The House Financial Services Committee held a hearing on July 13 to examine the recently proposed adjustments to HUD’s Distressed Asset Stabilization Program (“DASP”). HUD Secretary Julián Castro was the sole witness.
DASP, first implemented in 2010, allows pools of severely delinquent mortgages insured by the Federal Housing Administration (FHA) to be sold to investors. Buyers are then responsible for resolving the delinquent mortgages through short sales, mortgage modification, or foreclosure. On June 30, HUD proposed changes to DASP that, among other things, would allow buyers to consider principal reduction before foreclosure, would slightly increase the number of DASP sales to local governments and qualifying non-profits, and would give borrowers a greater chance to stay in their homes.
Republicans argued that these adjustments would no longer maximize potential profits generated through a competitive bidding process. Members expressed concerns that the potential for reduced profits would, in turn, diminish recoveries to the Mutual Mortgage Insurance Fund (MMIF) and negatively impact taxpayers. Committee Chair Jeb Hensarling (R-TX) described HUD’s adjustments as a “breach of its fiduciary duty to hardworking taxpayers.”
Secretary Castro responded that not only are nonprofits many times more likely to keep borrowers in their homes, they currently constitute only 2% of buyers and receive similar rates during DASP bidding as for-profit companies. Secretary Castro also disagreed “that somehow the ‘taxpayers’ are different from these folks who are living in [DASP] neighborhoods and homes,” stressing to Committee members that “these are your taxpayers.”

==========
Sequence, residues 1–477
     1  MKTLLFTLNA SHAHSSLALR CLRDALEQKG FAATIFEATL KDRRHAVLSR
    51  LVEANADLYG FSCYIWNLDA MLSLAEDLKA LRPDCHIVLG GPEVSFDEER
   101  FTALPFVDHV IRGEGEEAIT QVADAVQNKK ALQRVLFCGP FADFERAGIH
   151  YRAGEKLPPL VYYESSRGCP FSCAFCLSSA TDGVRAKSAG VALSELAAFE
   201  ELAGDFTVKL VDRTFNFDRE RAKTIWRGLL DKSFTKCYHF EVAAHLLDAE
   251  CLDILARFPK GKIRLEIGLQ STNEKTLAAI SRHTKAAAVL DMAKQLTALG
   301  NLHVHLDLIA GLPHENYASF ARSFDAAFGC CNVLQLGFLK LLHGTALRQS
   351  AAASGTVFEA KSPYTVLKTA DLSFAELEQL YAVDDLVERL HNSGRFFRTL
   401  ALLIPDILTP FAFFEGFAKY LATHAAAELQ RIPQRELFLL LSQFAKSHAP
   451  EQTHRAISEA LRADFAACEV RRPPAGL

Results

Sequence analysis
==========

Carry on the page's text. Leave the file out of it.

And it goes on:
Ranking Member Maxine Waters (D-CA) lauded HUD’s adjustments to the DASP program. Noting that non-profit investors are generally far more experienced in community development than private investors, she commended the proposed increase in nonprofit participation. Waters also reiterated that DASP’s purpose is “to help ensure that individuals are better protected when their loans are sold,” and admonished her Republican colleagues for pushing “the FHA to act like the same private mortgage companies that cratered the economy [in 2008] and focused exclusively on the bottom line.”
Waters and others noted that “the majority of loans sold through DASP are attached to properties and communities particularly hard-hit by the housing crisis or that are home to racial and ethnic groups that have lost a disproportionate share of wealth throughout the foreclosure crisis.” She and others argued repeatedly that “the outcomes of these loans could make a significant difference in the pace of recovery for these vulnerable communities.”
Watch the hearing at: http://bit.ly/29ETxDH